2. Each team will select and build a product

3. Students will complete an online short course in data analytics

4. Students will be required to analyze product pricing, promotion, advertising and distribution in an online marketing environment

5. Students will then develop a digital advertising strategy focused on banner advertising for the product.

6. A panel of judges consisting of alumni, advisory council and other corporate representatives will be selected to judge projects

7. Students will be encouraged to sell their product on-line through social media contacts

8. An alumnus who is an entrepreneur will serve as a mentor for each team

Innovation

1. All work will be completed utilizing excel spreadsheets

2. Students will compete an integrative entrepreneurial project.

3. Each major accounting topic previously covered will be included in the project.

4. Students will work in self empowered teams of 4

Utilizing the above data along with CVP Analysis students will be required to determine the quantity of their product to be produced under the following assumptions:

1. Year One-Target loss of $100,000.00

2. Year Two-Break-even

3. Year Three-Target profit of $1,000,000.00

4. Year Four-Target profit of $2,000,000

Students will be told to assume the project will be sold on Amazon and will prepare an Amazon advertisement featuring digital marketing and send the ad out with a short survey to prospective customers to determine market viability.

Impact

A publishable research paper will be prepared comparing student taught in a traditional introductory accounting sections with students taught in the experimental sections to ascertain if a statistically significant difference in performance occurs. Start-up capital will be secured for viable projects thus creating viable small business’

Conclusion

This paper has outlined preliminary efforts in revising the principles of accounting course at Texas Southern University to reflect academic and professional engagement, strategic innovation and societal impact. This is in response to current AACSB standards. Feedback from students and faculty indicated the course provides extensive experiential impact [7,8].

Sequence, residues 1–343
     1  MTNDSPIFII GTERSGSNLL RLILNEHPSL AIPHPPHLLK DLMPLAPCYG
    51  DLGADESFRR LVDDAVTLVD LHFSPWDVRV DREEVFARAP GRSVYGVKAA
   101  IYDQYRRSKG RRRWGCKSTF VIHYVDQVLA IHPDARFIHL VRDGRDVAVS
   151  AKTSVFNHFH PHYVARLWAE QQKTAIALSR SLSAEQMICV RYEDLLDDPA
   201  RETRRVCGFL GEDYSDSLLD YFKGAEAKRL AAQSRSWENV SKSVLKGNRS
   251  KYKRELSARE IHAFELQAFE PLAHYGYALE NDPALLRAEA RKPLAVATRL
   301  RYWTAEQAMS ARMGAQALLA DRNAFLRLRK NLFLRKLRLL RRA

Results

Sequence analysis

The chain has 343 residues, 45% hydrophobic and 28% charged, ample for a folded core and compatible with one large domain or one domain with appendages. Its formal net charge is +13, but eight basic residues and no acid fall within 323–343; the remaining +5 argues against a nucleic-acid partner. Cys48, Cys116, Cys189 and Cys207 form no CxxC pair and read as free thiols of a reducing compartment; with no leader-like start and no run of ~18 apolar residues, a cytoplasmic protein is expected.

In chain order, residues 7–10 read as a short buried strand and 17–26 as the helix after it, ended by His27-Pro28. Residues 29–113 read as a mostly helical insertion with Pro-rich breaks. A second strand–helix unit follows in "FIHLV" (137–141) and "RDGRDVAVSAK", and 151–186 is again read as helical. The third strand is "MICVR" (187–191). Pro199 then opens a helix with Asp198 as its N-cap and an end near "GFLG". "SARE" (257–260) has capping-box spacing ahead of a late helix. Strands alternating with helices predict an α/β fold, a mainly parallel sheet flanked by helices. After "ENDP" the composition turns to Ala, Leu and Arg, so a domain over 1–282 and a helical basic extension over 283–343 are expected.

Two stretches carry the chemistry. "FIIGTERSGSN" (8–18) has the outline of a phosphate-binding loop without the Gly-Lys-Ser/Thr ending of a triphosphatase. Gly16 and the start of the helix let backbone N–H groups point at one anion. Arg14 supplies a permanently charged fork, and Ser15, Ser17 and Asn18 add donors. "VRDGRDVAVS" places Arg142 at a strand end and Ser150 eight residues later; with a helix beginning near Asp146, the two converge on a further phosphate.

References

  1. Reising J, Dale K (2017) Engagement, impact, and innovation: Utilizing an integrated experience. Minnesota State University, Mankato, Mankato, USA.
  2. Kosnik R, Tingle J, Blanton E (2013) Transformational learning in business education: The pivotal role of experiential learning Kendall/Hunt Publishing Company, Iowa, United States.
  3. McCarthy PR, McCarthy HM (2006) When case studies are not enough: integrating experiential learning into business curricula. Journal of Education for Business 81(4): 201-204.
  4. Serdyukov P (2017) Innovation in education: what works, what doesn’t, and what to do about it? Journal of Research in Innovative Teaching & Learning 10(1): 4-33.
  5. Bozic C, Dunlap D The role of innovation education in student learning, economic development, and university engagement. JOTS 39(2).
  6. Ahlawat S, Lafond C (2014) Promoting experiential learning in an introductory managerial accounting course.
  7. AACSB International (2010) Business schools on an innovation mission. Report of the AACSB International Task Force of Business Schools and Innovation.
  8. AACSB International (2013) Eligibility procedures and accreditation standards for business accreditation.

© 2019 Joseph Boyd . This is an open access article distributed under the terms of the Creative Commons Attribution License , which permits unrestricted use, distribution, and build upon your work non-commercially.